The whole world may be going ga ga over mobile payments, but a survey by consulting firm KPMG may be enough to dampen the enthusiasm a bit.
According to the international KPMG Mobile Payments Outlook survey of 1,000 executives in related fields around the World, most expect mobile payments to take four years to go mainstream.
Despite heavy promotions by banks such Bank of Baroda and State Bank of India and operators like Bharti Airtel, volume of transactions have been below expectations. For example, according to numbers obtained by Medianama.com, only around 7 lakh mobile banking transactions are happening per month, totaling around Rs 60 crore per month (around Rs 880 per transaction.)
Mobile banking includes things like sending money from one account to another or purchasing items using the phone. To do so, banks provide special services like downloadable applications and special PIN numbers for such transactions.
However, the RBI number implies that actual users of mobile banking may be less than half a million in the whole of India (as most users would carry out more than one transaction.) In comparison, SBI alone has more than 4 million users online banking users and more than 110 million account holders.
According to the results of the international survey conducted among executives in the financial services, technology, telecommunications, and retail sector, not even half (46%) believe mobile payments will gain acceptability among general public in next two years.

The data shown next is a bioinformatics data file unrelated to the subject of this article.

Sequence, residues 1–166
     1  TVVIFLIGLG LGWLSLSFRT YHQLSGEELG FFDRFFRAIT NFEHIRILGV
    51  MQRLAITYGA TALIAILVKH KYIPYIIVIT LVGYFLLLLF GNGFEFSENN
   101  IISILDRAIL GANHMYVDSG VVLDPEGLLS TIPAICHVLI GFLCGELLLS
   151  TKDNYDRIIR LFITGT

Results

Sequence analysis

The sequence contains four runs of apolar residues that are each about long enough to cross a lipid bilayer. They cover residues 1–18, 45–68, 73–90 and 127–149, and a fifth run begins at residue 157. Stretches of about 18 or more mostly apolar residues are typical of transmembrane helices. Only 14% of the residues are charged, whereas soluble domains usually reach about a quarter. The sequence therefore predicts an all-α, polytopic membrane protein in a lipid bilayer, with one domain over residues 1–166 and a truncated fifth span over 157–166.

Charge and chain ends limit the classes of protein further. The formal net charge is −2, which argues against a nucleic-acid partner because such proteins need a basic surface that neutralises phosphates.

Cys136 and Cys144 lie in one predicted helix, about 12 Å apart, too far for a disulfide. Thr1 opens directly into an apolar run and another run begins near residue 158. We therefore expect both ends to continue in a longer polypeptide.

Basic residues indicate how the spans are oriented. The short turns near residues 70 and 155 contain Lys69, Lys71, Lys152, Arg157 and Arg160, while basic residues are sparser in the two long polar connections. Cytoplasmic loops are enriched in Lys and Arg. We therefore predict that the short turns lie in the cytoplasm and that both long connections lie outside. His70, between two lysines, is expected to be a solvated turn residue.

On the positive side, nearly 83% believe that such transactions will be mainstream in four years or less.
Also on the positive side, KPMG believes that the executives are under-estimating the speed of change. ““We believe that exploding smartphone growth and myriad opportunities will grow mobile payments at a much faster rate than our respondents anticipate,” says Gary Matuszak, KPMG Global Chair of the Technology, Communication and Entertainment practice.
81 percent of the respondents believe convenience and accessibility is the greatest positive aspect in favor of mobile banking, followed by simplicity andease of use at 73 percent, security at 57 percent, and low cost at 43 percent.
On the ‘challenges’ side, respondents viewed security as the main challenge to developing mobile payments strategies. Technology and adoption of the technology is a distant second, followed by privacy. Some consumers worry that loss of a phone may result in the loss of their bank balance also.
Interestingly, survey respondents felt that the most important role would be played by the Banks and not the mobile operators, who are perhaps pushing the service just as hard in markets like India.
“Banks, which scored the highest in level of importance in the value chain, and credit card companies will have the most important roles, according to business leaders globally. They placed telecommunications companies third, ahead of specialist online payment players (e.g. PayPal, Boku, Obopay), online service provider giants (e.g. Google, Facebook, Amazon), retailers and technology companies,” KPMG said.